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Arch Pathol Lab Med. 2003 Aug;127(8):997-1002.

Clinicopathologic differences in malignant melanoma arising in oral squamous and sinonasal respiratory mucosa of the upper aerodigestive tract.

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1
Department of Pathology, Ohio State University Medical Center, Columbus 43210, USA.prasad-1@medctr.osu.edu

Abstract

OBJECTIVE:

Primary mucosal melanomas are rare tumors. We compare melanomas arising in 2 histologically different mucosa, the stratified oral squamous mucosa and pseudostratified sinonasal respiratory mucosa, to investigate the clinicopathologic influence of native mucosal histology on the tumor.

METHODS:

Clinicopathologic features of 36 melanomas arising in the squamous mucosa of the oral cavity were compared with 59 melanomas arising in the sinonasal respiratory mucosa.

RESULTS:

The median age of patients was 61 and 63 years for oral and sinonasal melanomas, respectively, with the squamous and respiratory mucosa covering the maxilla being most frequently involved (68.7% and 66%, respectively). The former had a remarkable male predilection (28 men, 8 women), while the latter affected both sexes equally (29 men, 30 women). The oral melanomas were more likely to be detected in the early in situ or microinvasive stage (4 cases vs none, P =.008) and were more frequently amelanotic (14 vs 12, P =.049) than sinonasal melanomas. The sinonasal melanomas were frequently thicker (median thickness, 9 vs 2.6 mm), polypoid (29 vs none), ulcerated (57 vs 20), and necrotic (57 vs 14) than oral melanoma (P <.001). Pseudopapillary architecture was more frequent in sinonasal melanomas (16 tumors vs none, P <.001), and desmoplastic melanomas were more frequent in the oral mucosa (6 vs 1, P =.005). Sinonasal melanoma showed vascular and deep tissue invasion more frequently than oral melanoma; however, no significant difference in disease-specific survival was noted (median survival, 2.8 years vs 3.0 years; 5-year survival, 37% vs 35%, respectively).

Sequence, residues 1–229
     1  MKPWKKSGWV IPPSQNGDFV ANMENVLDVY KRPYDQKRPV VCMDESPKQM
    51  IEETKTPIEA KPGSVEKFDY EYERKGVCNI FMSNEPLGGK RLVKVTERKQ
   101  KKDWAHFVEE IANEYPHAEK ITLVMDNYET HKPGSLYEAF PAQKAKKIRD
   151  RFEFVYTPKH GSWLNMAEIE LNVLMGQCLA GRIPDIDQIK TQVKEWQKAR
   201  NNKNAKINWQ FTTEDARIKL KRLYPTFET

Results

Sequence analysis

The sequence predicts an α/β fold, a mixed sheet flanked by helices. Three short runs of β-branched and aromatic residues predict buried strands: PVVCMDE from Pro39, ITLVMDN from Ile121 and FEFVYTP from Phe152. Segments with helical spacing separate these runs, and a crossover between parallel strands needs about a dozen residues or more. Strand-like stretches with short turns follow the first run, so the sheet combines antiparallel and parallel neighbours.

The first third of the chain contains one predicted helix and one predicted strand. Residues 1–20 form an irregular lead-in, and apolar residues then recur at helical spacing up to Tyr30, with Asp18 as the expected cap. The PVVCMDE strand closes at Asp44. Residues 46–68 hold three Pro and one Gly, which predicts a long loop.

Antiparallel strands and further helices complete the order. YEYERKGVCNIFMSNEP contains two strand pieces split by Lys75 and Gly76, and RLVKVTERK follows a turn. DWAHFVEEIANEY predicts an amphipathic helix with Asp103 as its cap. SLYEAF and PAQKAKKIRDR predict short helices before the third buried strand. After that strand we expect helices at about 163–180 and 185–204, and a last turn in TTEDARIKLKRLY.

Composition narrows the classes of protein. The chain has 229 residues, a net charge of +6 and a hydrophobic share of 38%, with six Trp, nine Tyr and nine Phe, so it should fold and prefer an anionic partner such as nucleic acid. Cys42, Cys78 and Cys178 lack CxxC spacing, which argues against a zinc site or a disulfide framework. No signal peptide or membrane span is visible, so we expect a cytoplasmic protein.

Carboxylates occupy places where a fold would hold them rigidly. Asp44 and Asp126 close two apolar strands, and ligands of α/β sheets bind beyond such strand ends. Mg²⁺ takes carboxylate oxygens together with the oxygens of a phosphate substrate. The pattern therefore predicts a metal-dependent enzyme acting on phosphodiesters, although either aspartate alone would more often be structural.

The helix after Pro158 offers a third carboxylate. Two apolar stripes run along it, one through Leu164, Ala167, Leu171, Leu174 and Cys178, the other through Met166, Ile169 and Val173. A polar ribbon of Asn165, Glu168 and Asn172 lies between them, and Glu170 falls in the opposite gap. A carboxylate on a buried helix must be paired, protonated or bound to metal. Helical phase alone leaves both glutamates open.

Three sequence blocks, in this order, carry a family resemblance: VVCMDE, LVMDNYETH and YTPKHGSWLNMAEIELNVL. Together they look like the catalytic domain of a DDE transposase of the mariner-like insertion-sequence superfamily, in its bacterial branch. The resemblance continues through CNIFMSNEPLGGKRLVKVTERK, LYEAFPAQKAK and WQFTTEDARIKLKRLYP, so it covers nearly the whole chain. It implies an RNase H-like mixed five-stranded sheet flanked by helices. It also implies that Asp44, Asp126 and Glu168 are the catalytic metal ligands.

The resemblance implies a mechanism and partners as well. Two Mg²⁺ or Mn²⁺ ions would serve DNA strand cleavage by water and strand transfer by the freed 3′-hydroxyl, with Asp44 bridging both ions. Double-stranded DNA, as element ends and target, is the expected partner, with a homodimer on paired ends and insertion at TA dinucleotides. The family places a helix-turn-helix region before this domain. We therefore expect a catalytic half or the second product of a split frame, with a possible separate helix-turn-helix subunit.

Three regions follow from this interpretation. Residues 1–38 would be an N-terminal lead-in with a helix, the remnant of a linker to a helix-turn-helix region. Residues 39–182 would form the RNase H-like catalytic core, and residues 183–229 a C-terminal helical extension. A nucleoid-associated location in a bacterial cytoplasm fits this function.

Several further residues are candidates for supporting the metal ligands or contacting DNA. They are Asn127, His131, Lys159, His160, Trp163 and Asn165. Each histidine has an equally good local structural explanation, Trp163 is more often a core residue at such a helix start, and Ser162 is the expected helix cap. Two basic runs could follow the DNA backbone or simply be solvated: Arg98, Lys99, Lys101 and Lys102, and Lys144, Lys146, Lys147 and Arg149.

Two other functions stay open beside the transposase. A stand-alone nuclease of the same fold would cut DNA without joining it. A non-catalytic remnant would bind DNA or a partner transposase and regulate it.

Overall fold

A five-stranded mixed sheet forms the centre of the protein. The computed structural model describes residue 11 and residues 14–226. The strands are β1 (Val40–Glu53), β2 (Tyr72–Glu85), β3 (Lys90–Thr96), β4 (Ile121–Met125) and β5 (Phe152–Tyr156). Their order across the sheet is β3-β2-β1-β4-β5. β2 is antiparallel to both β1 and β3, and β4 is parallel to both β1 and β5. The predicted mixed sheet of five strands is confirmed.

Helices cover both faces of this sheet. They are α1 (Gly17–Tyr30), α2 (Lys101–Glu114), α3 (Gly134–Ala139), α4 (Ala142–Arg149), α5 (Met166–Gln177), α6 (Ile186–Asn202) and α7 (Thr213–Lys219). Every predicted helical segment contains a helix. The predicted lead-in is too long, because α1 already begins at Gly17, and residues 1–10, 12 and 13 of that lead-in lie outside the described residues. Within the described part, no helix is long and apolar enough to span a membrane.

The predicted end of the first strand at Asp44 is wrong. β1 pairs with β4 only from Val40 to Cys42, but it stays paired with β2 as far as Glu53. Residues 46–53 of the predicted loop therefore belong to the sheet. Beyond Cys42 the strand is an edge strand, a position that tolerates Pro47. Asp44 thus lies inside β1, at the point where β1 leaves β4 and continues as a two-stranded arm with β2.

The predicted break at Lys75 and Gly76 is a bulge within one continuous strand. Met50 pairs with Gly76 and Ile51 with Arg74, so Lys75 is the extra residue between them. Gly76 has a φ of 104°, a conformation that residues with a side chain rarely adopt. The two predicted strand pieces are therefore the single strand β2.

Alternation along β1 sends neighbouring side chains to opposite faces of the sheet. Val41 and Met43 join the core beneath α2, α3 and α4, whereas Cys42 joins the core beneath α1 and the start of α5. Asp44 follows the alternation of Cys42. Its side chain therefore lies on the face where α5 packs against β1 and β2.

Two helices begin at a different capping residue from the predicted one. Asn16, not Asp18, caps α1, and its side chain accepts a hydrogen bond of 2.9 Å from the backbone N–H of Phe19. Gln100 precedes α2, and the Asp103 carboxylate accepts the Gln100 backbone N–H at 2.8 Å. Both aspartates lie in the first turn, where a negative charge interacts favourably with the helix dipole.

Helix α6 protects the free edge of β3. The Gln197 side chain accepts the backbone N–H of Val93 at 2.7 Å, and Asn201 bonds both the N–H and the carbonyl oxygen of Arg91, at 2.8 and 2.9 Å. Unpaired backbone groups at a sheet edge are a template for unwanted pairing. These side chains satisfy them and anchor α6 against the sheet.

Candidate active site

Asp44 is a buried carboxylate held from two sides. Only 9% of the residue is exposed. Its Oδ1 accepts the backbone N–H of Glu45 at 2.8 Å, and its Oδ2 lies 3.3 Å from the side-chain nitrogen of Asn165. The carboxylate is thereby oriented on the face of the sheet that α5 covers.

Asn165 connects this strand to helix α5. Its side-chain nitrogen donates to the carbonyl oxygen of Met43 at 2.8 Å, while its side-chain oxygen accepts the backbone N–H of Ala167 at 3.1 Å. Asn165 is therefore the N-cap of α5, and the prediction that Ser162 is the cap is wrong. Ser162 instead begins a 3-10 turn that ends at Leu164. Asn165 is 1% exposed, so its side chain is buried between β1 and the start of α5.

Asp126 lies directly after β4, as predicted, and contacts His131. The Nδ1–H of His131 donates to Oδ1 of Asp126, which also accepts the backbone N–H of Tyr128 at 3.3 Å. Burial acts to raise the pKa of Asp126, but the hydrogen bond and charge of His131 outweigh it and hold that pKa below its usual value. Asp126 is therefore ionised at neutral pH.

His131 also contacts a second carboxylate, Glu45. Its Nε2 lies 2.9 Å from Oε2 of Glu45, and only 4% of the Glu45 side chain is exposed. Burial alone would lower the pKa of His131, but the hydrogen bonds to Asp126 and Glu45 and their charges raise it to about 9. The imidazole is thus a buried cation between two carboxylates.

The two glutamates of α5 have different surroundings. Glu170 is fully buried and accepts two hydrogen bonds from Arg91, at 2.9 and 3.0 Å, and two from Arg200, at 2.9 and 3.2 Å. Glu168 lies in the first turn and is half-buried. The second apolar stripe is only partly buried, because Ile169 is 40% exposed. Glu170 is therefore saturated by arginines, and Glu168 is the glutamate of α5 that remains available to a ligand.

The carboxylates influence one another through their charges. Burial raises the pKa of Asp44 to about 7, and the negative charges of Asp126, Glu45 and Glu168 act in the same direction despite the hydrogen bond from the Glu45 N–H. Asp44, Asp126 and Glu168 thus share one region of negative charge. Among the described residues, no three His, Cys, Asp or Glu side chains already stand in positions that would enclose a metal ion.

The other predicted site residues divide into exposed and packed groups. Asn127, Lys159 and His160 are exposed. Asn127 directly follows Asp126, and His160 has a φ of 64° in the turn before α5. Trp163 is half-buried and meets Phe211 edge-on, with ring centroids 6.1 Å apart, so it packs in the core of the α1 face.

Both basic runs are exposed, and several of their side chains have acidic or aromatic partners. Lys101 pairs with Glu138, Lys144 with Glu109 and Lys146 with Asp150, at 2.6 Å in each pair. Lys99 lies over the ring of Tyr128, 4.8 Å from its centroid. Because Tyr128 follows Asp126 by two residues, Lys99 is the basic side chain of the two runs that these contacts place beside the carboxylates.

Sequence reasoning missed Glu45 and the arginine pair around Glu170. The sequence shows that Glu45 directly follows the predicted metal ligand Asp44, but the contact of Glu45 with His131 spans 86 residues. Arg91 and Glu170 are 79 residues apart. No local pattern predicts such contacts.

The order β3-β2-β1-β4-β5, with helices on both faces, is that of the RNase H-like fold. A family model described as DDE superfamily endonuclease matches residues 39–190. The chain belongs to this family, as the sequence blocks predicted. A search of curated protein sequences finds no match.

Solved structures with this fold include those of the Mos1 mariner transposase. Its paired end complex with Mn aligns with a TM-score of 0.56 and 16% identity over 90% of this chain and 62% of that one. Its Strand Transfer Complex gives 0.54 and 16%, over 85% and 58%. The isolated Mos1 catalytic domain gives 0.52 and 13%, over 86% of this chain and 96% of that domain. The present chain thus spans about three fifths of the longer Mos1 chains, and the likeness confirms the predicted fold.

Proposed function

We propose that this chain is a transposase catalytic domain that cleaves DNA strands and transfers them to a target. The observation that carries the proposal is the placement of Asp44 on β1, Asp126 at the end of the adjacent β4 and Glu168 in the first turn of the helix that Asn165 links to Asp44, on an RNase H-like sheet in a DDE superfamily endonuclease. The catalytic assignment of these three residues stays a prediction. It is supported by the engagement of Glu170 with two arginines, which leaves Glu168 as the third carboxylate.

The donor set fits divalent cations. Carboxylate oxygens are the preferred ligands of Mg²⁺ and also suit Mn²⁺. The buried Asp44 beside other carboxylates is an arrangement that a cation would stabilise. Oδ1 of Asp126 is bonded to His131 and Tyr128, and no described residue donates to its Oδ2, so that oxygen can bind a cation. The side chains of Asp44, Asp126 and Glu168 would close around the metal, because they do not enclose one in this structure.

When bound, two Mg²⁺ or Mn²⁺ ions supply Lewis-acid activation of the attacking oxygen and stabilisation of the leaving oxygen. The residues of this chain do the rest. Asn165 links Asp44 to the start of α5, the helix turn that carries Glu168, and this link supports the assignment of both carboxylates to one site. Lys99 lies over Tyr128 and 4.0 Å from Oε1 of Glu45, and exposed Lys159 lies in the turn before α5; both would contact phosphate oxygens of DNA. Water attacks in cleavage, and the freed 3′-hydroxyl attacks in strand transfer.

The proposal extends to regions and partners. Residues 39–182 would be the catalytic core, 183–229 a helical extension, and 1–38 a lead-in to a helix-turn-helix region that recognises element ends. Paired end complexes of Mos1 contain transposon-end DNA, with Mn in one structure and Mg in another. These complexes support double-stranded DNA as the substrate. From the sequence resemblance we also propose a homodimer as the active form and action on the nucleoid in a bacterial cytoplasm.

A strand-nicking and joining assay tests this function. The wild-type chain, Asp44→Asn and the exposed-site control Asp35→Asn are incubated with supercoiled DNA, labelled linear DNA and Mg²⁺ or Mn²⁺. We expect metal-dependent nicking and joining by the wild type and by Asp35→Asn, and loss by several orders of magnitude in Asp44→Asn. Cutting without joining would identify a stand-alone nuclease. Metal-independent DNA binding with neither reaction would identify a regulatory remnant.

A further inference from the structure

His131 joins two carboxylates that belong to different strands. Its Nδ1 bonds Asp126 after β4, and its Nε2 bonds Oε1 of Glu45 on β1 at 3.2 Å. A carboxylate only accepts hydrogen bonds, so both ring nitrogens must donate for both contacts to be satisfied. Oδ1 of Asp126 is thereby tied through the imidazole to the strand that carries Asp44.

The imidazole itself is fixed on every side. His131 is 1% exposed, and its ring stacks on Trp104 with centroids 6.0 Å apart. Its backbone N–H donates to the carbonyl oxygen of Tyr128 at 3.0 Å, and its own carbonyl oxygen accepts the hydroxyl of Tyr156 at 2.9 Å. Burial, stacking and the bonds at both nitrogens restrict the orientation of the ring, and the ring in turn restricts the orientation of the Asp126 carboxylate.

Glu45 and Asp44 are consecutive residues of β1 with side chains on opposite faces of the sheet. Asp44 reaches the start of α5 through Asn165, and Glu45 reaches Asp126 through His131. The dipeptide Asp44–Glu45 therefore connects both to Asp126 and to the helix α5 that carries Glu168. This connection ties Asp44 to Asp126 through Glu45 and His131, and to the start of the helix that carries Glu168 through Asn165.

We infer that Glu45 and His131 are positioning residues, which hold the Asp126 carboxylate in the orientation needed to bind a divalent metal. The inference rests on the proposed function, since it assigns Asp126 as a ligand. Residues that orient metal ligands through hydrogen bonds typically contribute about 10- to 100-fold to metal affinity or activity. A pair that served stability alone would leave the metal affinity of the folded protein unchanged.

CONCLUSION:

Sinonasal melanomas demonstrated aggressive morphologic features significantly more frequently than oral melanomas; however, prognosis remained similar in both groups.

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